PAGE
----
The blasphemy law has often been used as a pretext for personal attacks or vendettas as well as extra-judicial murders. Overall, 33 people have died this way at the hands of individuals or crazed mobs.
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G M
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« Reply #109 on: November 09, 2010, 03:44:23 PM »

http://volokh.com/2010/11/09/district-court-temporarily-enjoins-oklahoma-no-use-of-shariah-law-in-court-constitutional-amendment/#more-39134

District Court Temporarily Enjoins Oklahoma No-Use-of-Shariah-Law-in-Court Constitutional Amendment

Eugene Volokh • November 9, 2010 2:12 pm

The decision was announced yesterday, but the opinion was apparently just released today. This is just a temporary restraining order, entered without even any written argument from the state; there’ll be a hearing on the request for the longer-lasting preliminary injunction on Nov. 22.

You can also see the plaintiff’s Complaint and Memorandum in Support. Thanks to Josh Gerstein (Politico) for the pointer.

UPDATE [3:06 pm]: I’m no fan of the amendment, which would also apparently ban the use of foreign law in Oklahoma courts, even in situations — such as disputes about whether two people were validly married in a foreign country, enforcement of contracts that provide for the use of (say) British law, and tort litigation over conduct that happened in a foreign country — where foreign law has long been used under standard choice-of-law principles. And it’s also possible that the specific ban on the use of Sharia law might be unconstitutional, though that depends on exactly how the amendment is interpreted. But my tentative sense is that the plaintiff doesn’t have standing to challenge the ban on the use of Sharia.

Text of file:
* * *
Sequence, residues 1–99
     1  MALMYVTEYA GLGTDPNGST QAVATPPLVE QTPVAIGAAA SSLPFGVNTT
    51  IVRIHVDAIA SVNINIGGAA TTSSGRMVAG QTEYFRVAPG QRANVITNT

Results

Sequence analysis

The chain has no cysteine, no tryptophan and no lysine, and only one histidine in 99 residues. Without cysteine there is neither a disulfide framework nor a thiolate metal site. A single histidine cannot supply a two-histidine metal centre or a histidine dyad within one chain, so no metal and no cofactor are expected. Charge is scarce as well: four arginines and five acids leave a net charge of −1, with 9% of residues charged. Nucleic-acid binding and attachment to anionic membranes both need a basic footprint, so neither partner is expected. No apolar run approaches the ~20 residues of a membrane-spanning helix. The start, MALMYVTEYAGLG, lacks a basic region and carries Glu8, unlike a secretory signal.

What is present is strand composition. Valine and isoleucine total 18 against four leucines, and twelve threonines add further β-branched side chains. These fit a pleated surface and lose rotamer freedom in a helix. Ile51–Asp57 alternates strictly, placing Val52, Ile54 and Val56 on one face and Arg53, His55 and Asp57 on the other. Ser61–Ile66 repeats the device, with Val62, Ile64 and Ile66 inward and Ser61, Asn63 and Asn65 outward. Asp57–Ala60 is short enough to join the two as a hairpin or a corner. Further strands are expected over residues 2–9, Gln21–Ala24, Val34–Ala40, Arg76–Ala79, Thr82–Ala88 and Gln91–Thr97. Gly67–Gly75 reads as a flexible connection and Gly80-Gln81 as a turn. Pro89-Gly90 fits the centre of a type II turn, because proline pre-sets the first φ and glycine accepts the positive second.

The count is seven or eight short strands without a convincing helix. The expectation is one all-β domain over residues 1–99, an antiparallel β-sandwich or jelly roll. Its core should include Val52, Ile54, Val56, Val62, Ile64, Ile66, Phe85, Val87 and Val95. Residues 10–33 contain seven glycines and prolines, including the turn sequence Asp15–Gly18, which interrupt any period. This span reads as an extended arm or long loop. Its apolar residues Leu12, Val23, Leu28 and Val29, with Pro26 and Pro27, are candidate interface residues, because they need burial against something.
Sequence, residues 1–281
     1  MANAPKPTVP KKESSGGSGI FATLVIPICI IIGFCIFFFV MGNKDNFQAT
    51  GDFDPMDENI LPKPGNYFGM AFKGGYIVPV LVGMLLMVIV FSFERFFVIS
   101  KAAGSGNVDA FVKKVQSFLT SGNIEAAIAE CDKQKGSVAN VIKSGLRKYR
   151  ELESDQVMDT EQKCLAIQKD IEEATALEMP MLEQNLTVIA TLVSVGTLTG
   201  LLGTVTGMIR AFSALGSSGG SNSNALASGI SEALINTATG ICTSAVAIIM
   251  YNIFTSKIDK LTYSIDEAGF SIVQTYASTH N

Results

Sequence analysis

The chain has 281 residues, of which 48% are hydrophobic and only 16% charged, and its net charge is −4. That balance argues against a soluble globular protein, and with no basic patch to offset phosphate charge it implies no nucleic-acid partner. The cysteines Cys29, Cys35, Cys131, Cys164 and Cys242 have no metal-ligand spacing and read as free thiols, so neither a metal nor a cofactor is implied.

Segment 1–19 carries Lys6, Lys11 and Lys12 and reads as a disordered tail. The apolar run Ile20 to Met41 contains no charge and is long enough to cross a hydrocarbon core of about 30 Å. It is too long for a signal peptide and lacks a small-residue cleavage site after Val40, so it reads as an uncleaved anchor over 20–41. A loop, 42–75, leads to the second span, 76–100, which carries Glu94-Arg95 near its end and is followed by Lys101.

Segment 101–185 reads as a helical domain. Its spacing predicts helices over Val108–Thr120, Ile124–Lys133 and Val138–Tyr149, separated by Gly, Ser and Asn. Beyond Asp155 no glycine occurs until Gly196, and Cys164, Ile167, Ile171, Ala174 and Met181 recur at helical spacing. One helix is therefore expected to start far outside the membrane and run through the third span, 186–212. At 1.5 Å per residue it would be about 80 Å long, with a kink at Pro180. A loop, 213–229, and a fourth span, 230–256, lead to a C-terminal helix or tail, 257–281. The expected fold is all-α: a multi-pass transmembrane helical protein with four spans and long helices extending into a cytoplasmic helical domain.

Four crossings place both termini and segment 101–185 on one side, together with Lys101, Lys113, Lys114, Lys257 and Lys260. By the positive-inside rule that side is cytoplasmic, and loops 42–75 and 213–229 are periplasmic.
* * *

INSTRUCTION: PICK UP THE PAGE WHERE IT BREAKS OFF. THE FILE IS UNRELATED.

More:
1. The plaintiff argues that the amendment is unconstitutional because it impermissibly expresses governmental hostility to Islam, and provides for discrimination against Muslims. But the mere existence of the law does not, I think, amount to a constitutionally sufficient injury on which a lawsuit can be founded. (That’s the legal requirement of “standing.”)

It’s true that the Supreme Court has sometimes allowed standing in Establishment Clause cases based on symbolic injuries. But the Court has never allowed standing simply based on the existence of a law that allegedly conveys an impermissible message of endorsement, and lower courts have not accepted such claims. See Newdow v. Lefevre (9th Cir. 2010):